Over 15 years ago, in 1993, the S&P Depositary Receipts (SPY) went up against a who’s who of fund heavyweights; Fidelity Magellan, Legg Mason Partners Fundamental Value, MFS Growth Stock, Oppenheimer Equity, Putnam Investors, T. Rowe Price Blue Chip Growth and 57 others. It outperformed them all.
The S&P 500 SPDRs currently has a 15-year average annual return of 6.79 percent. Out of 3,260 mutual funds that have been around for 15 years or more, SPY outperformed 2,626. This places the SPY in the top performing 20 percent of funds for the last 15 years. What’s SPY’s secret? Consistency, diversification and low fees.
What you see is what you get. SPY will always contain the 500 stocks of the S&P 500. You don’t have to wait for an outdated quarterly report before knowing what you own. You don’t have to worry about your investment manager or investment strategy changing on you. And you don’t have to worry about paying celebrity fund managers that tend to underperform their benchmark anyway. Why pay “Mercedes money if you don’t get Mercedes performance?”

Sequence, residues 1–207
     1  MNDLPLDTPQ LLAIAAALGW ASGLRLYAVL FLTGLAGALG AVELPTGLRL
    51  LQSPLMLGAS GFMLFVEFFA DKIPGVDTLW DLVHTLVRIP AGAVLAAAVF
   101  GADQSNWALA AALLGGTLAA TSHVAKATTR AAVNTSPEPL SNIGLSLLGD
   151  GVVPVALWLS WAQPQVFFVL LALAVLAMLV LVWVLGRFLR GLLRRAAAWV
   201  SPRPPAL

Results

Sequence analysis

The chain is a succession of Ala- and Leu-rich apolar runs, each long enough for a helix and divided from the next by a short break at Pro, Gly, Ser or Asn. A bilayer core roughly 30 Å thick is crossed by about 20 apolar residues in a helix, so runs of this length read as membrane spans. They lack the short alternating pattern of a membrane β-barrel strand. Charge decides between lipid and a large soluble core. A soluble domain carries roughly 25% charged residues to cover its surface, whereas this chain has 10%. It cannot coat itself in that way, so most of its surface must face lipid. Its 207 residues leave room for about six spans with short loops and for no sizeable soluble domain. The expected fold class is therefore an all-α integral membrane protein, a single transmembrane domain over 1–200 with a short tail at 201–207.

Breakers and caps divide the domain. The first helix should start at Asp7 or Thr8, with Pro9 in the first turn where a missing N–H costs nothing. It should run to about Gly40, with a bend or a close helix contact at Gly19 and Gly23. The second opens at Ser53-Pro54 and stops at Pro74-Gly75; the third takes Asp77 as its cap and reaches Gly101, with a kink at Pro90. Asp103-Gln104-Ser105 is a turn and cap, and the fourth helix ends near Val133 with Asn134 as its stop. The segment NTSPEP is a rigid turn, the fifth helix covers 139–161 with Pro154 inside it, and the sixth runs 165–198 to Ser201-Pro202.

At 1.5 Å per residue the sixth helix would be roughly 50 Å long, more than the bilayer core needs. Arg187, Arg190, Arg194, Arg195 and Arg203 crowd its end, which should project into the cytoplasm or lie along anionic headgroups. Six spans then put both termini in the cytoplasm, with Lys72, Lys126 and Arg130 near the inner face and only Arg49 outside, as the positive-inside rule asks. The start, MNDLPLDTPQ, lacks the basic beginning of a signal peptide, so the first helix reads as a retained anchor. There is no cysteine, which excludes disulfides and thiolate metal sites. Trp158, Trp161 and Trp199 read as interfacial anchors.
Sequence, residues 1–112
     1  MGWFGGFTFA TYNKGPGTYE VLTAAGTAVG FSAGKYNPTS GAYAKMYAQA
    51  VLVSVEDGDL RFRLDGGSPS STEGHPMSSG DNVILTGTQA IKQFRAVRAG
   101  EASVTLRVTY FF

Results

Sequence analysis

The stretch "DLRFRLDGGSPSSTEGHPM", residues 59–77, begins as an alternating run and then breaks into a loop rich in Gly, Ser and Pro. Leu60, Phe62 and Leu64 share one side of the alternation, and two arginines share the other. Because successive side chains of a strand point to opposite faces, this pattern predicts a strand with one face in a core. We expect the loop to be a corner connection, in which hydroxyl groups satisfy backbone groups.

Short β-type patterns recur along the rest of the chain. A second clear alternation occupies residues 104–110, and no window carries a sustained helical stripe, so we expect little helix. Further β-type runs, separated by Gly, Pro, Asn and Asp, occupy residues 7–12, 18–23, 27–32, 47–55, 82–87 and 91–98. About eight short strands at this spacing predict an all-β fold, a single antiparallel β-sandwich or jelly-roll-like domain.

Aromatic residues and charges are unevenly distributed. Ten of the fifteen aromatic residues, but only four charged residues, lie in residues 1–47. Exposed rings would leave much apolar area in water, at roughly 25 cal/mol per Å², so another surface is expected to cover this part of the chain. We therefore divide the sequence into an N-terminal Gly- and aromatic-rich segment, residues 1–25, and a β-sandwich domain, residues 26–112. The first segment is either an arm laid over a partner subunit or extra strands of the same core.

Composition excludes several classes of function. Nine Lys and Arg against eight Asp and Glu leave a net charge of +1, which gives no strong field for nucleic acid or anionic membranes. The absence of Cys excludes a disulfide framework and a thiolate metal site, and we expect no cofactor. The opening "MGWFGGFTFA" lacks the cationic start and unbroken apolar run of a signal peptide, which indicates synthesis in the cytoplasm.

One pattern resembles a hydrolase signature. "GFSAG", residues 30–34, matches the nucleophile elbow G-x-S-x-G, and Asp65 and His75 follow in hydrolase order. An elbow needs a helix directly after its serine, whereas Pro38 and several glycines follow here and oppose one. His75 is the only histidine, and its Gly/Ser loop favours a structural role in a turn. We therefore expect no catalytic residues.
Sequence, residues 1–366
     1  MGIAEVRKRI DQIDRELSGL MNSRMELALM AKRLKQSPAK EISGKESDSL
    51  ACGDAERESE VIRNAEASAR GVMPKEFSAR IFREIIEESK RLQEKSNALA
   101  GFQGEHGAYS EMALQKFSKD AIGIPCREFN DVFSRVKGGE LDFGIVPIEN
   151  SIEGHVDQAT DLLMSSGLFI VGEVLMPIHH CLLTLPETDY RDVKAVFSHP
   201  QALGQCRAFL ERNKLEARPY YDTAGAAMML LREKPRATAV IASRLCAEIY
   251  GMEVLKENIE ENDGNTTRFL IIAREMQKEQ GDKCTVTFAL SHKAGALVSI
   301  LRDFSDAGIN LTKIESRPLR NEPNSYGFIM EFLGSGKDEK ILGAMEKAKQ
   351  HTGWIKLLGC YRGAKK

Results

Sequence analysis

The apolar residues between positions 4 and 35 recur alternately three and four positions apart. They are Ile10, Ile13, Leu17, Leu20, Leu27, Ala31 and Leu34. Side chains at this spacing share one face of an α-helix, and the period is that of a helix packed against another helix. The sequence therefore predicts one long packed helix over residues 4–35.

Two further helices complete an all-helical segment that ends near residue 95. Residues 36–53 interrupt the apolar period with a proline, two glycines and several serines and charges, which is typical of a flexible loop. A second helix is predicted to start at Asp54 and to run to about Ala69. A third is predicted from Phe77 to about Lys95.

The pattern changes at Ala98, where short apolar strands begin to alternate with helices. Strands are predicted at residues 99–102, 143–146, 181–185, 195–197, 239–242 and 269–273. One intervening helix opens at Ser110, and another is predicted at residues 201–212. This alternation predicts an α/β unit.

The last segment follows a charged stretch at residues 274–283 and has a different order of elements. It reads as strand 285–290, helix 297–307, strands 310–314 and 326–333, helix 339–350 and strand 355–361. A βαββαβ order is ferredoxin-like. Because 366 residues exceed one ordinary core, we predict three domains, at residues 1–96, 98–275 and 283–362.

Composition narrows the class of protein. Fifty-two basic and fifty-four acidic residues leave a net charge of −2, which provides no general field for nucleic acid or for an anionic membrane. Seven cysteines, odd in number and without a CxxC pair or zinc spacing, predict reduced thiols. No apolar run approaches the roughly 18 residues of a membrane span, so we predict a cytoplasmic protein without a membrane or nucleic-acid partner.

The S&P Depositary Receipts are the oldest but not the only broad market index ETFs. The Dow Jones Diamonds (DIA) tracks the Dow Jones which zeros in on only 30 blue chip companies. Other broader measures of domestic stocks offer more complete exposure. These benchmarks include the DJ Wilshire 5000 (TMW), the MSCI US Broad Market Index (VTI) and the Russell 3000 (IWV).
If you are a market timer, the above ETFs may not be your number one choice. If on the other hand you are a serious long-term investor there is no need to look further. Any of these fine ETFs will provide you broad, consistent market exposure at rock bottom prices. Since the 2008 tax-year is almost over, you should probably know that SPY performance ranking looks even better when considering the after-tax performance.
Ron DeLegge is the San Diego-based editor of www.etfguide.com.